The big divideDigital technologies and their rapid penetration can facilitate our strides towards development
Rapid energy generation remains one of the most urgent tasks for Nepal as energy deficits at close to 1000 MW at peak hours leave thousands of households all around the country in the dark for over 12 hours on a typical day. But can the emphasis on hydroelectricity alone transform our economy, especially when the need is to create labour intensive industrial jobs that can absorb and employ our labour force which is well over 70 percent of the population?
Growth and productivity limitations of agriculture, which contributes less than a third in our overall output but employs over half the labour force, make it necessary to develop a labour intensive manufacturing industry. Globally, from Korea to now China and to a lesser extent India, manufacturing has been the key driver of economic development due its potential of rapid productivity rise, development of human capital and specialisation for comparative advantage in exports, which can bring in foreign exchange to finance imports and development.
But to enter into manufacturing processes, multiple sectors need to be identified and appropriate interventions made in cooperation with the private sector. Digital technologies and their rapid penetration can greatly facilitate our strides towards development.
Internet for development
According to the Digital Dividends: World Development Report 2016, firms and households connected to high-speed internet and other developments such as access to mobile phones are some of the key explanations of the rapid and sustained transformation of the Chinese economy. With over 600 million internet users, China has been able to leverage the digital technologies with e-commerce giants such as Alibaba, one of the biggest internet-based companies in the world.
Already with almost 90 percent penetration of mobile phones (which may not actually mean that 90 percent of the people have access to mobile phones), more people have cell phones than say potable drinking water at just over 80 percent and toilets at close to 60 percent. This is a not a Nepal-specific phenomenon and is true for our low-income counterparts in much of South Asia and Sub Saharan Africa. However, penetration of the internet, which requires larger capital investments, has not taken place to the same extent. Broadband internet is scarcer at less than five percent, which means that only an extremely elite section has access to broadband internet. This is where the digital divide becomes problematic.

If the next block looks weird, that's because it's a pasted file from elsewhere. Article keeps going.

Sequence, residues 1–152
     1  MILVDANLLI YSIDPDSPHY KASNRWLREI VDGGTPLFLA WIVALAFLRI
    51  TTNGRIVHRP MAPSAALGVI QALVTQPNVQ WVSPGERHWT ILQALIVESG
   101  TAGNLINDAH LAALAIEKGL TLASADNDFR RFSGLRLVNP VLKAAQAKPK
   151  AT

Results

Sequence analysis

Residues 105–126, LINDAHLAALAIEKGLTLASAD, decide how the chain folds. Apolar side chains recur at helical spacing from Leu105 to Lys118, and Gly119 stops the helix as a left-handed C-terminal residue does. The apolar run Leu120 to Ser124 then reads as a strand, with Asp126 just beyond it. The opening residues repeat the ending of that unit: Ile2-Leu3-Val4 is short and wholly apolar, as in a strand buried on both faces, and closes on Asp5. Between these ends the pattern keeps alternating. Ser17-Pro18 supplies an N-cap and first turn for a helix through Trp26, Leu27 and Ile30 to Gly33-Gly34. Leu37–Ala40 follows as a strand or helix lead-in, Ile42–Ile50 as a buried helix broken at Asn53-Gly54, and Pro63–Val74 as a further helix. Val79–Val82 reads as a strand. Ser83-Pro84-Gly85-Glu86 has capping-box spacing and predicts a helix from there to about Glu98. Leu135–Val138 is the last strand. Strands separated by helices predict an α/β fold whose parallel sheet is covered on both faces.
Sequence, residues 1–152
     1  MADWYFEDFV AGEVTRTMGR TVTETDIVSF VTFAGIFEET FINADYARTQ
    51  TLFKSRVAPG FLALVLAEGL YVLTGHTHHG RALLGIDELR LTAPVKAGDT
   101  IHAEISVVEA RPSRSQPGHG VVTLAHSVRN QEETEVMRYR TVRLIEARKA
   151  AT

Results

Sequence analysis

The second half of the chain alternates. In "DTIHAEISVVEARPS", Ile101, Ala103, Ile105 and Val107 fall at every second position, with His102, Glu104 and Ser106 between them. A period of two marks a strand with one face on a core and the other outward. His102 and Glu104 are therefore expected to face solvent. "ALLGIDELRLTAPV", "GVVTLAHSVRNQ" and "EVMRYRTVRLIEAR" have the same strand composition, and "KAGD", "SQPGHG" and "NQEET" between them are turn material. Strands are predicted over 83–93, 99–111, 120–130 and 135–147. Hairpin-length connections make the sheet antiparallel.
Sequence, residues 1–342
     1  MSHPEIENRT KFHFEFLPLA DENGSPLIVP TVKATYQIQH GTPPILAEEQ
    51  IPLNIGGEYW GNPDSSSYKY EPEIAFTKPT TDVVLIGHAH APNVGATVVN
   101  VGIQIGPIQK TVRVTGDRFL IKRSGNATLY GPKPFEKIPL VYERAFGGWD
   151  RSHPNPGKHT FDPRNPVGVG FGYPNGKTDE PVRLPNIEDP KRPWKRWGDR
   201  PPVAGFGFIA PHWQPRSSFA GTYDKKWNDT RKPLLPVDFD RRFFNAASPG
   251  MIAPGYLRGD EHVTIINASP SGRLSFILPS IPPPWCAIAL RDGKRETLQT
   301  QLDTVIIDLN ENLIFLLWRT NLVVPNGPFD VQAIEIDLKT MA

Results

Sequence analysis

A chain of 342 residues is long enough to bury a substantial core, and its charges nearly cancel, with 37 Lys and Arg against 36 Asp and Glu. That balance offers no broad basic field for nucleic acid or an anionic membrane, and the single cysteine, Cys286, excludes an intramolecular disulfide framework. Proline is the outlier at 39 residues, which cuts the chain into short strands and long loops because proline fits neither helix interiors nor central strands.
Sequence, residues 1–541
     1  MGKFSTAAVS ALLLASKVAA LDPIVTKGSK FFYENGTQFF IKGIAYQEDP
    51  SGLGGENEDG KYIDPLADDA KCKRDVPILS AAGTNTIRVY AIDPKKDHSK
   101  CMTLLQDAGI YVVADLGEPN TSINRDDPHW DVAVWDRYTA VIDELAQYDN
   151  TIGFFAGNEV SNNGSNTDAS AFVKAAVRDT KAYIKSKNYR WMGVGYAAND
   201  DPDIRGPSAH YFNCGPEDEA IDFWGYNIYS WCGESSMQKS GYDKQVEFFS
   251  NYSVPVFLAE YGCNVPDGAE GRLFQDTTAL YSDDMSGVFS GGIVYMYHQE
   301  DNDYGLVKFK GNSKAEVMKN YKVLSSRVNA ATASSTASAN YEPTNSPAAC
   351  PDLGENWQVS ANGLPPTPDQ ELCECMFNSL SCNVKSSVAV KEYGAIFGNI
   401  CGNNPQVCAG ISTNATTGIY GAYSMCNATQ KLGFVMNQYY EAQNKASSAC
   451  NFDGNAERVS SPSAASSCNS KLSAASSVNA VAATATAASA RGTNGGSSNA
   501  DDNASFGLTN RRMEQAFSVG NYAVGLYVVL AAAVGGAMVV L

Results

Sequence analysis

The World Development Report suggests that the digital divide, which has mostly to do with low-cost access to high-speed internet rather than penetration of mobile phones (nearly universal with 70 percent of the poorest in developing economies having access to a mobile phone currently), impedes the potential of digital technologies to boost economic growth, improve delivery of services, increase job opportunities and even reduce corruption.
Bridging the gap
Imagine not having to go to government offices to get administrative jobs done, which will also reduce palm-greasing. Or the families of migrant workers making free calls via the internet and how that would save them precious resources for education and health. Moreover, less than a third of the population has access to financial services in Nepal. Penetration of high-speed digital connectivity will make establishment and transactions of financial institutions less costly.
We envisage a new Nepal to be more inclusive, broad-based and justly governed. With the digital divide, the inequalities will remain as an elite section will be almost at a par with information and knowledge of global standards while much of the population will continue to languish in ignorance. Much of the education and health services today can be transmitted via digital platforms but the need is of high-speed services and platforms. The true revolution will be when a sick person in Mugu or Mahottari, via videoconferencing, be able to consult a specialist in Kathmandu without having to travel. There must be a number of Nepali scientists, professors and entrepreneurs who might want to teach and educate their village and locality.
Digital technology today has the potential not just to boost economic growth but also expand governance capabilities. It is largely due to media that the government gets pressurised to do its job—after the earthquake, for example, it was because of media coverage that the state had to undertake relief measures. With the penetration of digital technologies, the voice of the people will also be stronger and governance more robust. The government—fairly limited in its reach—can actually penetrate far and wide into society, which would also enhance its legitimacy. Perhaps, the government and its institutions will be more accountable, leading to greater potential for rapid transformation.
But for greater internet penetration in Nepal, the state will have to subsidise infrastructure development and encourage multiple private sector players to run efficient services so as to promote competition. Along with this, the quality of schools and learning will have to be improved so that a large section can reap the benefits of digital connectivity.
Gupta is pursuing a MSc in Political Economy of Development at the University of London